The presents are wrapped and in the closet, waiting for the right time to come out. It's only October, but my wife, Georgina, and I are done with our holiday shopping this year.
I admit to some trepidation at telling you this, knowing hate mail will come from those who'll say we don't have any holiday spirit.
If by holiday spirit you mean rude pushing and shoving in crowded stores in December, you are right. Ditto for sitting in front of the computer for hours filling online shopping carts. If you mean getting into credit card debt and spending extravagantly, you are right again.
Instead, we choose to lift our spirits and feel the joy of anticipation by doing our holiday shopping here and there throughout the year, always keeping to a budget we won't exceed.
True, we may miss a preholiday sale later on or fail to buy the season's "must have" item that marketers push. But with more time to look, we are more likely to find the right gift for the right person for the right price. And we'll spread the cost rather than being hit all at once.
One warning: If you don't have the discipline to control your spending, you may end up buying stuff all year long and splurging again at holiday time. Before you try our method, make sure you are committed to setting up and sticking to a budget that includes all holiday-related expenses, such as parties, trees and decorations, and buying and mailing cards.
How much to spend is a personal matter. I've seen surveys that say U.S. households on average spend as much as $1,000 during the holidays, a figure likely to create a hole in the typical family budget.
If money is tight, why not agree on a no-gift-exchange policy with friends (or even relatives). You can enjoy time together. but there is no need to spend money you don't have on gifts.
When you do give gifts, one of time can be far more appreciated than money.
For an elderly relative or neighbor, for example, consider giving a "coupon" for free services, such as mowing their lawn or helping them with housecleaning. Do make sure this is OK with them, and that they don't see it as an intrusion on their privacy or independence.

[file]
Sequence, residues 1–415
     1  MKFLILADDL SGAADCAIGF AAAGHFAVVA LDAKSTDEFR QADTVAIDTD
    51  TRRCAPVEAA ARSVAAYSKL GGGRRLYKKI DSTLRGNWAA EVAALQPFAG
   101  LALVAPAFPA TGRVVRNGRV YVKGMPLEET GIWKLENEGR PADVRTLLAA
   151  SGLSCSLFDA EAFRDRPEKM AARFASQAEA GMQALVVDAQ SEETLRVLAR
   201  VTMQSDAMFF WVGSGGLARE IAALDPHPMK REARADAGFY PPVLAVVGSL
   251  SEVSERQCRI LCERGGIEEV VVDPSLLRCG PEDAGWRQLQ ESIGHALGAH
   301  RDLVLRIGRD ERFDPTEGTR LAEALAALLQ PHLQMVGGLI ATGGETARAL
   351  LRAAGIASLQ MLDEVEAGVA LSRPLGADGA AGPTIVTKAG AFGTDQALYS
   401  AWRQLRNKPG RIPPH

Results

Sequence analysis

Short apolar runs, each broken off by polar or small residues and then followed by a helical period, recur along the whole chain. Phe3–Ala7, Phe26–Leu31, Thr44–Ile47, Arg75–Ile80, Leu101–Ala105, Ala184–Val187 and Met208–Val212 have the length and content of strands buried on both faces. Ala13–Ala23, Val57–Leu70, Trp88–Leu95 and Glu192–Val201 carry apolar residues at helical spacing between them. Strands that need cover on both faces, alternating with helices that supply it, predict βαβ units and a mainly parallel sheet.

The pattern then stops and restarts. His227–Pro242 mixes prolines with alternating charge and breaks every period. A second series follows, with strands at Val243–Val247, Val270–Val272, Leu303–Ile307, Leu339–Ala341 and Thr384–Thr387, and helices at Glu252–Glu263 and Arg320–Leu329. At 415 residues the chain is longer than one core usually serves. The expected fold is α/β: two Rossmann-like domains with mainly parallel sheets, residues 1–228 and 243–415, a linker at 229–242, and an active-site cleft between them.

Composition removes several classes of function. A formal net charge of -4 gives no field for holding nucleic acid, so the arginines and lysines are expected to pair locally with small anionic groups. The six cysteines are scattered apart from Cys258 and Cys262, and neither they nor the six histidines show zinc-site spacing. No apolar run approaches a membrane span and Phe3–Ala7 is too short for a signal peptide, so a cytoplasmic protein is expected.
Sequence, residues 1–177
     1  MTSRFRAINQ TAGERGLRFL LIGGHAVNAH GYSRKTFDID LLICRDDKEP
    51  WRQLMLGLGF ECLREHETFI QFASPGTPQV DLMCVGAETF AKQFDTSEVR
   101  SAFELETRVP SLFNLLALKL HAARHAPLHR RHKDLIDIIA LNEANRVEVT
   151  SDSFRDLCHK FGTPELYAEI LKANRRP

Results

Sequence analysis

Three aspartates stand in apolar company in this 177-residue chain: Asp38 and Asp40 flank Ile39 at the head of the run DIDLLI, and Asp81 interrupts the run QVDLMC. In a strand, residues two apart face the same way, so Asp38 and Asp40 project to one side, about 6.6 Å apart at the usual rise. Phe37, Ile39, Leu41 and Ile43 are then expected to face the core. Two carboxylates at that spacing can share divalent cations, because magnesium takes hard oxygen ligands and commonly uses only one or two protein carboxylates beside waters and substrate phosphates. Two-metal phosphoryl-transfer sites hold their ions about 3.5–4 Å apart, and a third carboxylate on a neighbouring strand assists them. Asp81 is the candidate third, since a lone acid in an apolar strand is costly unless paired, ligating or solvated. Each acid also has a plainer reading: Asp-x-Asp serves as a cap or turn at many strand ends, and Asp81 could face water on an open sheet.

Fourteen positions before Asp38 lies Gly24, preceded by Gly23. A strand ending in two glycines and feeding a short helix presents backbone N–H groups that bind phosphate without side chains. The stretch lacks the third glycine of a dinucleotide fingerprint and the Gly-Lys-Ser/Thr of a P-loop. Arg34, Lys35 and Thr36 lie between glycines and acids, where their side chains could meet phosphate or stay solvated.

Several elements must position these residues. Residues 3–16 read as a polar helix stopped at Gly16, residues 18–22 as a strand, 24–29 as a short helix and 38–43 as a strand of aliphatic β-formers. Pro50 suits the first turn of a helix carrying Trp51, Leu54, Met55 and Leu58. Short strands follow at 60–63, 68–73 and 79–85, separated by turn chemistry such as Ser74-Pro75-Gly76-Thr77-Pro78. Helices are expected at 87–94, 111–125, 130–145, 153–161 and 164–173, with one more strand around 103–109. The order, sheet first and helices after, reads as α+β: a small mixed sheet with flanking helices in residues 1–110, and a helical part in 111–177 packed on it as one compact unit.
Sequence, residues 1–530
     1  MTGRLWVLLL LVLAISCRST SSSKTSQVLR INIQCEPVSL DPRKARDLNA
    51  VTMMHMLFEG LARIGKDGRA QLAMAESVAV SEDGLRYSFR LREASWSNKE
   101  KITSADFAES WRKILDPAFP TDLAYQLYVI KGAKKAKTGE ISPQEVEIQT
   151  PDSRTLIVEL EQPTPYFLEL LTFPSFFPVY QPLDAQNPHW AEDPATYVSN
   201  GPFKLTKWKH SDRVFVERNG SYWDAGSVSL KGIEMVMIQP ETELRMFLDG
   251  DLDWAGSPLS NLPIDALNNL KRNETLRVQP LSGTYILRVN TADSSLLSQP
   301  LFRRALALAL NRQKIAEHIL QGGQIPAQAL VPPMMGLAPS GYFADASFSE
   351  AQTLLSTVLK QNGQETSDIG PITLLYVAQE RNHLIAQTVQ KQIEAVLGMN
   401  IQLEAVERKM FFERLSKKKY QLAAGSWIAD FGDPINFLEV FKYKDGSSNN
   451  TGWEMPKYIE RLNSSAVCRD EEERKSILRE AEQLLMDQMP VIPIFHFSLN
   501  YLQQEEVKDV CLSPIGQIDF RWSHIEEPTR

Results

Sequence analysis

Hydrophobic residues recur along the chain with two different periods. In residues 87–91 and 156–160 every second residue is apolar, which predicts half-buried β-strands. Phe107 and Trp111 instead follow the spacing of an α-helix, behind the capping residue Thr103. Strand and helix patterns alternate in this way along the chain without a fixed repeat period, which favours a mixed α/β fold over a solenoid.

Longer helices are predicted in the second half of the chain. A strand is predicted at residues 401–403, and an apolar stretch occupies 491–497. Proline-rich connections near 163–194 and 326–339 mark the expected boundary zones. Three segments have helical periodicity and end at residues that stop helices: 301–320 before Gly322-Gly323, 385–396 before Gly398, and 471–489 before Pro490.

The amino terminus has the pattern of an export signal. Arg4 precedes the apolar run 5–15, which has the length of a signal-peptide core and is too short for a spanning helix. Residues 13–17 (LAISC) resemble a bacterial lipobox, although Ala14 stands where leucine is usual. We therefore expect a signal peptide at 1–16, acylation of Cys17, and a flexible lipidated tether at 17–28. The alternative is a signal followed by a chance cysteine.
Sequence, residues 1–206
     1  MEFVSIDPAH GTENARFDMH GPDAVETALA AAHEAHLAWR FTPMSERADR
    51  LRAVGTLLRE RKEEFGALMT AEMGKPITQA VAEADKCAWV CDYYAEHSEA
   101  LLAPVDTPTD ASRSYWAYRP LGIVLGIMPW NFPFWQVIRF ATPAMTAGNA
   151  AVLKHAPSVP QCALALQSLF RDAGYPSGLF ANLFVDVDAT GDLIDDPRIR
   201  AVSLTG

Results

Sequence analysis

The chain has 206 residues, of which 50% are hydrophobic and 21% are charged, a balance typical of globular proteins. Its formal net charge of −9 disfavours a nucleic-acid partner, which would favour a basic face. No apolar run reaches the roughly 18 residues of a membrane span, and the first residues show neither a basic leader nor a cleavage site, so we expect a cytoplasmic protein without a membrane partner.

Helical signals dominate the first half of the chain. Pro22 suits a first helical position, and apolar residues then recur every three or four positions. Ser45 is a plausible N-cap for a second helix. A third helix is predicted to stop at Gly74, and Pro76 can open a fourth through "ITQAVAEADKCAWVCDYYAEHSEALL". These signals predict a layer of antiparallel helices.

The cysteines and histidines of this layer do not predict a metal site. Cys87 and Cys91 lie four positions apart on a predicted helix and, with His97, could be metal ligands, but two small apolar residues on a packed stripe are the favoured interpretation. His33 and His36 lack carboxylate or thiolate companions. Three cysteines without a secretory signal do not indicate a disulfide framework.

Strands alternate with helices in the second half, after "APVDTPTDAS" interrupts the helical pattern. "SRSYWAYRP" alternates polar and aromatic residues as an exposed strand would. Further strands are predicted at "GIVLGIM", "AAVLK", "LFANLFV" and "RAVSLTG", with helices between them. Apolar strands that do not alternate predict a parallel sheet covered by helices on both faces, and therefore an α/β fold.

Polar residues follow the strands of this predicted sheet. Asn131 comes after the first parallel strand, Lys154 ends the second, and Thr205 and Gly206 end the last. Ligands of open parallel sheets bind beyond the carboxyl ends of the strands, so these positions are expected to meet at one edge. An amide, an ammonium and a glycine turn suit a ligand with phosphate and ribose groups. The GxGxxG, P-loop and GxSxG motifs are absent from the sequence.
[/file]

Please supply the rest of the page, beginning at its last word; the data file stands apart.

Or instead of buying expensive toys you can't afford, entertain your kids with original stories. Georgina enjoys making little books for our grandchildren, who are 5 and 3, by pasting pictures of places we have been to, such as Disney World, and making up stories reminiscing about our visits.
Not a writer or storyteller? You still have choices. For all the electronic gadgets aimed at kids that are waiting to drain your wallet, simple toys such as building blocks, modeling clay, crayons and paper and paper airplanes have proved to be loads of fun with our grandchildren, particularly when we all play together.
When shopping for gifts for children, consider those that teach about the value of money (you may keep your children from falling into the holiday-overspending trap when they grow up).
One I can recommend for younger children is the music CD "Mission 1, Celebrate Saving!" with 15 catchy tunes.
The CD, which has received praise from educators, is the creation of Sam X (Sammy) Renick, a songwriter and children's author who tours schools around the country with a life-size costume of the character Sammy the Saver, a rabbit with the savings habit.
"Some people think saving money is hard," Renick said, "but I think saving money is easy if you make it a habit."
The CD is available from Renick's The It's a Habit Co. (www.itsahabit.com). My favorite tune, "Don't Spend More Than You Make," reminds us: "Don't ever, ever, ever spend more than you make, just give it a little thought, that's all it takes."
Another gift that older children, and adults, may enjoy is the board game Look Out Wall Street! (information available at www.lookoutwallst.com). Players try to make the most money by investing in stocks and bonds. Luck, as it does in life, plays a large role in the form of "random events," including bull and bear markets.
The game teaches the value of long-term and low-cost investing. The game's creator, Kathleen Ryan, said she was inspired by John Bogle, founder of the Vanguard mutual funds and a longtime champion of low-cost investing in index funds. Bogle has endorsed the board game as "a fun game that teaches valuable lessons about investing."
Humberto Cruz is a columnist for Tribune Media Services. E-mail him at email@example.com.Copyright © 2014, The Baltimore Sun